I achieved a personal goal a week ago. But to the extent he had a similar aspiration, David Carr did not.
We both appeared as panelists on HBO's Real Time With Bill Maher. The program is televised in front of a live audience in Hollywood and rebroadcast over and over on subsequent days. The crowd is boisterous, the host can be acerbic, and the subject matter includes anything currently in the public realm. Which explains my goal in working without my radio show's customary seven-second delay: Create no YouTube moments.
The misstep by Carr, a New York Times columnist, came not during the hour-long broadcast, but in the five-minute "overtime" segment that followed, during which the panelists answer questions submitted via the Internet. Video of the response discussion is then posted online.
In that segment, Maher went after Gov. Christie. Maher, who is from New Jersey, essentially said Christie was the type of leader he'd expect to see in less intelligent states. Carr picked up on the joke from there: "If it's Kansas, Missouri, no big deal. You know, that's the dance of the low-sloping foreheads. The middle places, right?"
Sitting next to Carr at the time, I didn't say anything, nor did I think much of it. I don't think I've ever heard anyone use low-sloping foreheads as a descriptor. The context told me it was an unflattering reference, but it didn't strike me as over the line for a show that prides itself on political incorrectness. Not even when Maher responded with "Let's keep this guy talking" did I think Carr had said anything outrageous.
The next day, Carr tweeted his apology: "to all of America, at least the middle place that I come from, I apologize for saying something so, so dumb on Bill Maher last night. . . ."
Several days removed from the program, it is now more clear to me that, ironically, in assessing the relative intelligence of Middle America, Carr said something stupid.
My hunch is that in seeking to echo Maher's remark about the intelligence level of various states, Carr left himself open to outlandish interpretations of his comments. I am still not sure what he meant by low-sloping forehead, but after having a chance to review what he said outside the Klieg lights, I don't think it was a reason to fear genocide or a reference to the disabled. Glenn Beck disagrees.
On Monday, Beck said on the radio that Carr's comment was the kind that "leads to death camps."
"These are the kinds of words that . . . always lead to mass death," he said. "Why not kill the 'low-sloping foreheads'?" He then went so far as to imitate a disabled person on his television program that day to make his point.
It isn't the first time Beck has played the Nazi card. He once said President Obama's call to bolster organizations like AmeriCorps and the Foreign Service was similar to "what Hitler did with the SS." In fact, as the Washington Post's Dana Milbank reported last year, Beck referenced Hitler 147 times and Nazis 202 times - all during the first year and a half his nightly television show was broadcast on Fox News.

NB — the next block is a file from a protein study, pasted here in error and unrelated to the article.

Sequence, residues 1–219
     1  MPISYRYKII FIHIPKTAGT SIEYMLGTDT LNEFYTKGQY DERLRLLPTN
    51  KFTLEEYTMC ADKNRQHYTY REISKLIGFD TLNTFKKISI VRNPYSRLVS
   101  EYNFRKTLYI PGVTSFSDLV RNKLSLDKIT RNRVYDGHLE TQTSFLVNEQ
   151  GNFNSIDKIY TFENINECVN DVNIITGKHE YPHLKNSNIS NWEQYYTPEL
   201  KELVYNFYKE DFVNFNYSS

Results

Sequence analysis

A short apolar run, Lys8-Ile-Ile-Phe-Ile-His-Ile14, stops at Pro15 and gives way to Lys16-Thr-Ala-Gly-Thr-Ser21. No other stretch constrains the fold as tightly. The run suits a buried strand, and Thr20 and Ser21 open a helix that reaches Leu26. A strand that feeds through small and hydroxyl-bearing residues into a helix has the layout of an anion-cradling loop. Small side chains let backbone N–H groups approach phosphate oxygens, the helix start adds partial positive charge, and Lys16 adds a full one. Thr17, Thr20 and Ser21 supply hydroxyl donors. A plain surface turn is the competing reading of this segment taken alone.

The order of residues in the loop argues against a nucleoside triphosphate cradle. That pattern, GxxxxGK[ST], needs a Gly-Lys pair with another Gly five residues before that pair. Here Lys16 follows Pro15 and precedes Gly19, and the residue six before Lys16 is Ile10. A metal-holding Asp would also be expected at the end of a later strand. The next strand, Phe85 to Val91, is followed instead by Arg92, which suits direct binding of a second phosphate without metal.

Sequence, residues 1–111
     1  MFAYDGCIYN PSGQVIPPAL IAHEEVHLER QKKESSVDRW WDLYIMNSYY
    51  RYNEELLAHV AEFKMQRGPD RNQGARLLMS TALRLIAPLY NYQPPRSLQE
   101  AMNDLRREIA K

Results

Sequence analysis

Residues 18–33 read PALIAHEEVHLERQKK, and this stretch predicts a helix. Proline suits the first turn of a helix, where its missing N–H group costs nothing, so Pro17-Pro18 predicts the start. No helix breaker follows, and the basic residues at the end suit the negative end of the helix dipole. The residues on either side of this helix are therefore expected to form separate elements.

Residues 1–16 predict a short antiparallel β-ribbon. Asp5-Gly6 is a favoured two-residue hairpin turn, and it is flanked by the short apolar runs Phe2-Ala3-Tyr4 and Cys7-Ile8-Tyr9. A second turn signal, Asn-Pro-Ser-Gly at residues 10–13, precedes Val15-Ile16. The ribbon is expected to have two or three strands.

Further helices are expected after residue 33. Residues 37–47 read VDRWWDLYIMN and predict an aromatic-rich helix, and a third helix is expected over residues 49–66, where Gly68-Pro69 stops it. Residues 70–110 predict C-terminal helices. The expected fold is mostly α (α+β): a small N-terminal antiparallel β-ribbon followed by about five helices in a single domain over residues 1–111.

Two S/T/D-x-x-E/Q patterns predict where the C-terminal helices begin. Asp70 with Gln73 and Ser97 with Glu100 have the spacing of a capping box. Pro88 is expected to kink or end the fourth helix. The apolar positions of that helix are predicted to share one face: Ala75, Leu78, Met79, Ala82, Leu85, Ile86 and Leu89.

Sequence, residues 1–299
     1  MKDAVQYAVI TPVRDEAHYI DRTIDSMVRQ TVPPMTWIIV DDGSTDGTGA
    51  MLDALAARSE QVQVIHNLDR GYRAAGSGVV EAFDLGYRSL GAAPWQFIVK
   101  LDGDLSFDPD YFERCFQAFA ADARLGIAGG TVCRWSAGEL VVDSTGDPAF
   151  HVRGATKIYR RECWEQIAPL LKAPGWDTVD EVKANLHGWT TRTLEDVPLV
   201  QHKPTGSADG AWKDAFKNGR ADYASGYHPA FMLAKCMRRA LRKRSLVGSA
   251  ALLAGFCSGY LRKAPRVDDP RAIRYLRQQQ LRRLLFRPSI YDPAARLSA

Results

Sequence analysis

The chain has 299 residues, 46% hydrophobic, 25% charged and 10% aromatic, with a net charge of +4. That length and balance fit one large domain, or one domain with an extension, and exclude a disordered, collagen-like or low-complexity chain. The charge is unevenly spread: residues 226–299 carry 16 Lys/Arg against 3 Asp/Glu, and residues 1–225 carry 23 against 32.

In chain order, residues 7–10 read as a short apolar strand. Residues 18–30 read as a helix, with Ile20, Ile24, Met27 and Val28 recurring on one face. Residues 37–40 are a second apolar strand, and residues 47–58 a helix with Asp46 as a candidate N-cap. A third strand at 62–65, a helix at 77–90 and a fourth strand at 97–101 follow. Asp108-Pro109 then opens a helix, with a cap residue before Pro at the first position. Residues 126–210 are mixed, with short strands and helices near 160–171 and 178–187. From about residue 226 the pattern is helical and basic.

And here is the harm. When everything is compared to Nazism, the true atrocities of the Holocaust are diminished. Given the breadth and intensity of the 24/7 media monster, there is an increasingly legitimate danger that frequent Nazi-references could significantly cheapen the emotional and historical impact of the tragedy - especially as time continues to pass and more Americans grow up immersed in a world of blogs and viral news.
In this particular case, I also suspect there was a little payback at work. A quick Googling of "Beck and Carr" sent me to a March 6 New York Times story.
"Almost every time I flipped on television last week, there was a deeply angry guy on a running tirade about the conspiracies afoot, the enemies around all corners, and how he alone seemed to understand what was under way," Carr wrote.
"While it's true that Charlie Sheen sucked up a lot of airtime last week, I'd been watching Glenn Beck, the Fox News host who invoked Hezbollah, socialists, the price of gas, Shariah law, George Soros, Planned Parenthood, and, yes, Charlie Sheen, as he predicted a coming apocalypse."
Carr then went on to document Beck's "loss of over a third of his audience on Fox" since last August, when he hosted his "Restoring Honor" event in Washington.
Of course, as the reaction to Carr's incorrect and ill-advised gibe proved, Beck still has the ear of enough Americans to help cause a (YouTube) scene.
Contact Michael Smerconish
Read his columns at www.philly.com/smerconish.